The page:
Scott Young is to leave his role as Sky’s Head of Formula 1 after a three year stint with the broadcaster, Motorsport Broadcasting can reveal.
The Australian was a major part of motor sport broadcasting down under for three decades, playing a pivotal role in the V8 Supercars offering at the time.
Young joined Sky following the retirement of Martin Turner in late 2017. Since then, Young has helped Sky navigate the past two Formula 1 seasons, as well as the ongoing COVID-19 pandemic.
At times, Young’s decision making has attracted criticism, however under Young’s leadership, Sky have also brought the likes of 2009 Drivers’ Champion Jenson Button and Karun Chandhok into the F1 line-up.
I understand that Young is to leave Sky following the conclusion of the European season. Whether Young has opted to return to Australia, or move to another company within the F1 sphere, is currently unclear.
Relationship between F1 and Sky
Speaking publicly at the Black Book Motorsport Forum last August, Young denied suggestions that Sky’s relationship with F1 had become ‘strained’ in recent times.
At the time, Young said, “The relationship hasn’t improved because they have not strained,” Young said. “We have an extraordinary relationship with every aspect within Formula 1, including the 10 teams and the 20 drivers. And without that relationship we can’t create a narrative.”
“There’s a daily dialogue that goes back and forth between Sky Sports Formula 1 and the team at Biggin Hill, at a granular level of making television, and the team at St James’s Market on an executive level,” he added.
“Whenever they call us seeking content that they like, we always share it. They’re always very good in providing us content or footage that we need to produce our story.”
Since then, the two parties have been working together on a film to commemorate F1’s 70th anniversary.
Sources suggest this has not gone as well as anticipated, evidenced by the lack of reference to the documentary by F1 themselves across social media, with only a passing mention on Sky’s own social feeds.
Update on May 31st at 16:25 – In response to a request for comment from Motorsport Broadcasting, Sky Sports Managing Director Rob Webster said “Scott Young has made a huge impact on our F1 coverage and helped drive the team forward since joining at the start of 2018.”
“He will be with us to lead the F1 team through the restart of the season and through the European races before moving on to a new challenge. He goes with our best wishes and thanks for everything he has done during three seasons of F1.”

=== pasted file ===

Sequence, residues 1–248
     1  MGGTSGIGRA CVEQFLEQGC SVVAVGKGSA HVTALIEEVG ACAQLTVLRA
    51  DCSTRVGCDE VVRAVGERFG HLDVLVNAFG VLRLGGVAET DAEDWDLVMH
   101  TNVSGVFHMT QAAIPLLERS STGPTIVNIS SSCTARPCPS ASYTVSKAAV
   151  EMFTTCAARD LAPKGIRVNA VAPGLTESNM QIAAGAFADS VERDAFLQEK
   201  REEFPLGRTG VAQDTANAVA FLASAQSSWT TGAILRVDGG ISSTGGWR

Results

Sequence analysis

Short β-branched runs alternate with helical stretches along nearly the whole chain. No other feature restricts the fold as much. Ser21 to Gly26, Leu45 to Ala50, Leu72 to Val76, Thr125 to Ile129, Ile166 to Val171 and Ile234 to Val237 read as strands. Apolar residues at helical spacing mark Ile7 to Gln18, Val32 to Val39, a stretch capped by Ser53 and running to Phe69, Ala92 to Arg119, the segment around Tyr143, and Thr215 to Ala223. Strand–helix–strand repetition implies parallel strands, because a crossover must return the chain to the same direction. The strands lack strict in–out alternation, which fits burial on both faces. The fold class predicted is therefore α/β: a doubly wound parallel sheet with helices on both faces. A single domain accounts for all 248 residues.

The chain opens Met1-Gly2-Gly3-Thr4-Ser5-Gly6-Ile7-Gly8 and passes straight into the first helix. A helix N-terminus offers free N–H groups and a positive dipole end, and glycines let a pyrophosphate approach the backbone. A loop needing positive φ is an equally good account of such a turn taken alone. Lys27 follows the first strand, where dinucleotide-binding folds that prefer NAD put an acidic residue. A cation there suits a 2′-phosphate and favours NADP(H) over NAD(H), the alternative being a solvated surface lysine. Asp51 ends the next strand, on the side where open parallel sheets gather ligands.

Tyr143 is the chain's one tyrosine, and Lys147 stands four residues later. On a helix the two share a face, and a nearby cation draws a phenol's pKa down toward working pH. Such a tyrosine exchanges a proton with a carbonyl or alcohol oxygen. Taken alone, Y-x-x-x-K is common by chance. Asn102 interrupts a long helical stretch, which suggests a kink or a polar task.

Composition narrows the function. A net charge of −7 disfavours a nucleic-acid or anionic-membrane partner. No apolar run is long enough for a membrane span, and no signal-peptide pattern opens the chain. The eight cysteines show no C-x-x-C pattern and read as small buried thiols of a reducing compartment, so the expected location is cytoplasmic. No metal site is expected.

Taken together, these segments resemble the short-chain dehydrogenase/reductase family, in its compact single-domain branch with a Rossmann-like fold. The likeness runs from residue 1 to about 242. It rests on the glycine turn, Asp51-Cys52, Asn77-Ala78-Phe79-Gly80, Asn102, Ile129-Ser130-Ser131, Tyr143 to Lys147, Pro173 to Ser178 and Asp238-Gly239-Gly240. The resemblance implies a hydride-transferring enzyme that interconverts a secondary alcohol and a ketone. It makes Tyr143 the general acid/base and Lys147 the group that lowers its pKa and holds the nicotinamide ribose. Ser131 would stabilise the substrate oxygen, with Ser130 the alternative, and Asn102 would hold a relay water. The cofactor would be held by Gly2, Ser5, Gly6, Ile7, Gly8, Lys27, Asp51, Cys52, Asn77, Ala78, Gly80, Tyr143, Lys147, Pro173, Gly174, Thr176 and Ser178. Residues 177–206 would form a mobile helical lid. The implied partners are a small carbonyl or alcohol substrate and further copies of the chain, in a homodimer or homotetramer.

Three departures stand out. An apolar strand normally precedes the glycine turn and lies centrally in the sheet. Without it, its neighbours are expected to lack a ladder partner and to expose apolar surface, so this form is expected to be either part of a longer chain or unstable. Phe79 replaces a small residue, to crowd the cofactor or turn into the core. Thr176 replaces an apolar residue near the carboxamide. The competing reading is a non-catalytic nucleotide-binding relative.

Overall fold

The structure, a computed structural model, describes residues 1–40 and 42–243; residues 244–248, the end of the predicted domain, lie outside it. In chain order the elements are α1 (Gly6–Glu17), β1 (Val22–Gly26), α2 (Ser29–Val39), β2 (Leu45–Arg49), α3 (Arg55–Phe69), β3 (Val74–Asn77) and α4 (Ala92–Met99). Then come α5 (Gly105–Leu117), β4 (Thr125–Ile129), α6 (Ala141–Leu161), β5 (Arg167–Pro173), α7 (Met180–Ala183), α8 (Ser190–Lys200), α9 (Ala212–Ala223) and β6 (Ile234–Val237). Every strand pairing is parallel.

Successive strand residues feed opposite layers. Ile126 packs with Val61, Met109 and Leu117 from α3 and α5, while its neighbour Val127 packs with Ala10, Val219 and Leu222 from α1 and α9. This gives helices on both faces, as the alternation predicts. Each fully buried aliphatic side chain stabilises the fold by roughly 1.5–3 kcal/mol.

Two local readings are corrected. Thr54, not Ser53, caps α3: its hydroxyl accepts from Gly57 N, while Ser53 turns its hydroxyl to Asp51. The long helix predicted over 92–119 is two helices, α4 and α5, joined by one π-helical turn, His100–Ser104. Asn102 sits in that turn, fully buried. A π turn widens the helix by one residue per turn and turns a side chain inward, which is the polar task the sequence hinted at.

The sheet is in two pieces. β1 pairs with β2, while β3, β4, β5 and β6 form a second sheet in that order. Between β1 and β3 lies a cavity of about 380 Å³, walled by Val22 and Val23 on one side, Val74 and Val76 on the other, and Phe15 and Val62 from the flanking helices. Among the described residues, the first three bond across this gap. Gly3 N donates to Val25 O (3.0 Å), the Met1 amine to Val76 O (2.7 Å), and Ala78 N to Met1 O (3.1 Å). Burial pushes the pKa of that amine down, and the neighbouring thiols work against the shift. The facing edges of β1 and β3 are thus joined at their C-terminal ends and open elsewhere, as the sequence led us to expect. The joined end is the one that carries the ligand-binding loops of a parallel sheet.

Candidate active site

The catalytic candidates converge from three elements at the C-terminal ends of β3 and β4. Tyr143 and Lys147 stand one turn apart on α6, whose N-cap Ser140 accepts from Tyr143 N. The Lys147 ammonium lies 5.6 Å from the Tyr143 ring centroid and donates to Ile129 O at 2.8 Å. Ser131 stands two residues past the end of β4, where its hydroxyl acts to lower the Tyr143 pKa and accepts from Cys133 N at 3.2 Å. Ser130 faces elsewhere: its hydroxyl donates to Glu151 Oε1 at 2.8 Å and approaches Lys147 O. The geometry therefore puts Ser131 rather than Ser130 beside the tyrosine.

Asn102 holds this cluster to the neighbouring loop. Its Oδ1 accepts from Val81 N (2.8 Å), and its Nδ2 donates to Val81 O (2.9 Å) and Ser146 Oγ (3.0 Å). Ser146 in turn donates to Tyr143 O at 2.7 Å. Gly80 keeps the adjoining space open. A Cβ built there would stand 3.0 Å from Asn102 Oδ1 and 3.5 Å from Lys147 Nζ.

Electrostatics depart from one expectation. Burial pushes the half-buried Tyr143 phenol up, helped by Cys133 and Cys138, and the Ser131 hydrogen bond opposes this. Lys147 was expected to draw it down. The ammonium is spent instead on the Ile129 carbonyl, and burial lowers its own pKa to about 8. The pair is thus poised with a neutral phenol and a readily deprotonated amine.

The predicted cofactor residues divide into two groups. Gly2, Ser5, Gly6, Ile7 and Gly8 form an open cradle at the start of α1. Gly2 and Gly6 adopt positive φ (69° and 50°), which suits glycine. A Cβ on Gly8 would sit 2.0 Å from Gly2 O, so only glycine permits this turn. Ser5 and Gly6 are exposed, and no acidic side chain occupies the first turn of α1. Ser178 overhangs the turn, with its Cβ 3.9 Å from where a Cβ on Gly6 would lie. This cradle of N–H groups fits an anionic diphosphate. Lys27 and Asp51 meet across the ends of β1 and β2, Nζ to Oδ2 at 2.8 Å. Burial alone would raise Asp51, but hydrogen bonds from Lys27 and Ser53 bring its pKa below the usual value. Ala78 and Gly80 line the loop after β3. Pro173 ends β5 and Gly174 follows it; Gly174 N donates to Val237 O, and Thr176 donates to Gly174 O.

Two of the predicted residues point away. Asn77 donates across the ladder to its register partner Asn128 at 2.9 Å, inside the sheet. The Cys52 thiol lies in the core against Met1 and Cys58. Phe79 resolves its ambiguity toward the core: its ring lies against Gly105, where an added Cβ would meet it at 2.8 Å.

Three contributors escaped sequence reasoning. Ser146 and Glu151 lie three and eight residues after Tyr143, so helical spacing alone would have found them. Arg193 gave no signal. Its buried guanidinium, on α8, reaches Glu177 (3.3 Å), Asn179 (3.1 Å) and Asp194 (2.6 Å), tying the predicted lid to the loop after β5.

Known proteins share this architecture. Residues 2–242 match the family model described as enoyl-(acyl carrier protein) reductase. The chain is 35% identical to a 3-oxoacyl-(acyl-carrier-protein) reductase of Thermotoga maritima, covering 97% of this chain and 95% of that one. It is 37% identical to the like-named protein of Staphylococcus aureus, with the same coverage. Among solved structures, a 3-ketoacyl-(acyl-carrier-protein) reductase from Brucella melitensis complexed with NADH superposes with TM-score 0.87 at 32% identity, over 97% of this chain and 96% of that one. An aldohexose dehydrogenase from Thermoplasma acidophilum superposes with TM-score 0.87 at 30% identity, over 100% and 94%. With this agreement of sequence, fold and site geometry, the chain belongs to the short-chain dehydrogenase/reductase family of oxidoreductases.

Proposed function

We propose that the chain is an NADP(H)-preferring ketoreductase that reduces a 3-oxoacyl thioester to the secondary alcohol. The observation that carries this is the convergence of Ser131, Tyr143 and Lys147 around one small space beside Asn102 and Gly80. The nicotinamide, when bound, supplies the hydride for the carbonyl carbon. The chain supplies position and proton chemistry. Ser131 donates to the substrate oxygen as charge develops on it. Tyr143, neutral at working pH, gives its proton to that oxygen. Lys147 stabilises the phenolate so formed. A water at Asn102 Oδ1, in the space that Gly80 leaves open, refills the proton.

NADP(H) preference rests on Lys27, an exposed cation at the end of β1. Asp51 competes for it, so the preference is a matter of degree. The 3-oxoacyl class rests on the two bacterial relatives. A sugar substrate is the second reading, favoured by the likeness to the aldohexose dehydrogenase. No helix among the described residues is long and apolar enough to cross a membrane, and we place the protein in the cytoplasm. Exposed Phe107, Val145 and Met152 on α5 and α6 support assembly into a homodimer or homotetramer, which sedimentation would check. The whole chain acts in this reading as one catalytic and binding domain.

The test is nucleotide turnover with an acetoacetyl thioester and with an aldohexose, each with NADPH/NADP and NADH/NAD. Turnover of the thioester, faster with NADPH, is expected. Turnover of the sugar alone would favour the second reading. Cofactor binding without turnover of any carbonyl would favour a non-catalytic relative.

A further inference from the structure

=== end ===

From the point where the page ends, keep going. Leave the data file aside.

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7 thoughts on “Scott Young to step down as Sky’s Head of F1”
Having not been a fan of Sky F1 from the moment it was announced back in 2011, I’m kinda glad to hear that there appears to be some dissension between the two parties. I’ve always been a supporter of free to air coverage and I long for the return of Live races back to where they should be. Somehow I always knew that this deal with Sky would slowly evaporate 🏁
Three years living in England, Young probably wants to go back home. I’m sure Ted Kravitz would be happy to pay his airfare.
Couldn’t happen to a nicer guy. Don’t let the door hit you in the ass. Don’t say bye, just go already.
I am amazed that this guy was involved in the Australian V8 series, whatever he does clearly has no impact on the actual TV coverage because the V8 coverage has been head and solders and torso above anything F1 related for the last 40 odd years. Seriously, F1 needs to sort out the TV direction, camera operators, commentators, sound, on screen graphics, technical features, everything else. I don’t know how a domestic series manages to do it so well and F1 fails so hard. And they want money for it too.
All of the problems you’ve highlighted are under the control of F1/FOM/LM themselves. Sky buys in the “world feed” which comes already messed up by the above. Scott Young’s job was to run the broadcast outside of the race. So we can’t blame him for everything that is wrong with F1 on screen.
We can blame him for the idiot doing the race commentary.
SKY are at the least complicit in the terrible broadcast, they should be demanding that FOM feed them with cameras that are pointed at the cars, microphones that are mixed correctly, on-board cameras that are in the same space-time continuum as the track side cameras and pit camera men who can hold still.